Suspected Islamic State (ISIS) jihadists blew up a natural gas pipeline on Saturday in Egypt’s restive northern part of the Sinai Peninsula, causing a fire but no casualties, security officials said, according to The Associated Press.
The officials said the suspected terrorists planted explosives under a pipeline in the town of Bir al-Abd.
The expulsion sent thick flames of fire shooting into the sky, and authorities stopped the flow of gas to extinguish the fire, said eyewitnesses.
Despite the statements of the officials, who spoke on condition of anonymity, ISIS has not officially claimed the attack.
The gas pipeline in the Sinai Peninsula has been attacked dozens of times since the 2011 ouster of former Egyptian President Hosni Mubarak. Some of those attacks have been claimed by ISIS, including one in late 2020.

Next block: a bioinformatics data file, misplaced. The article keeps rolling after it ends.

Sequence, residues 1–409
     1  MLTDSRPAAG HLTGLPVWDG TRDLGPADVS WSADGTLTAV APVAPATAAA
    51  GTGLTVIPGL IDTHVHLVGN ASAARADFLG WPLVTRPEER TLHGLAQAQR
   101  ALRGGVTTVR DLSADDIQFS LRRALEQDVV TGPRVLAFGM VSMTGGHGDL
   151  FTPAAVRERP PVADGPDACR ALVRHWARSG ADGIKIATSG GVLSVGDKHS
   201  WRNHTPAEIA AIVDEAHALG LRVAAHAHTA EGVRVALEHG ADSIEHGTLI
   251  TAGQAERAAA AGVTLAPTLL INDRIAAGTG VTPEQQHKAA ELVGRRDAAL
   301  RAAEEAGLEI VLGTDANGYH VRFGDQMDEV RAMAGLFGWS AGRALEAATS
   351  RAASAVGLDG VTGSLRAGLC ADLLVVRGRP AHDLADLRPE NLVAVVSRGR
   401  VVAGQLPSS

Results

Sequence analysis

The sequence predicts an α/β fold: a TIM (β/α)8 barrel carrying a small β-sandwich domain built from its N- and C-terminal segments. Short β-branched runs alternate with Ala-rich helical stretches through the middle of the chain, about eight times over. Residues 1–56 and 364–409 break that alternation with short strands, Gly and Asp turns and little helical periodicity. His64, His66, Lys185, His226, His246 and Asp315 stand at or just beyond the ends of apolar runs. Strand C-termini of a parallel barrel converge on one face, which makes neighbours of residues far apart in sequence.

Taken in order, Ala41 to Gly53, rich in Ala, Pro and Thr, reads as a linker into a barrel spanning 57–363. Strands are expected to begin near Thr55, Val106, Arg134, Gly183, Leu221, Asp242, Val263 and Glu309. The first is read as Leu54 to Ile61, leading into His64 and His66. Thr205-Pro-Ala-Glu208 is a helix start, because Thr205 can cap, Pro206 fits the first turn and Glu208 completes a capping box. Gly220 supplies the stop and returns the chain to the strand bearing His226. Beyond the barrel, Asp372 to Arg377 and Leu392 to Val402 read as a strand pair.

Egypt has been fighting an insurgency in the Sinai Peninsula for several years, which at times has spilled over into other parts of the country. Most of the attacks during this time period have been claimed by the Sinai Province, the ISIS affiliate in Egypt.
The country was under a state of emergency starting April of 2018, after two suicide bombings at churches claimed by ISIS killed at least 45 people in the cities of Tanta and Alexandria.
Egyptian President Abdel Fattah Al-Sisi announced in October the lifting of the state of emergency.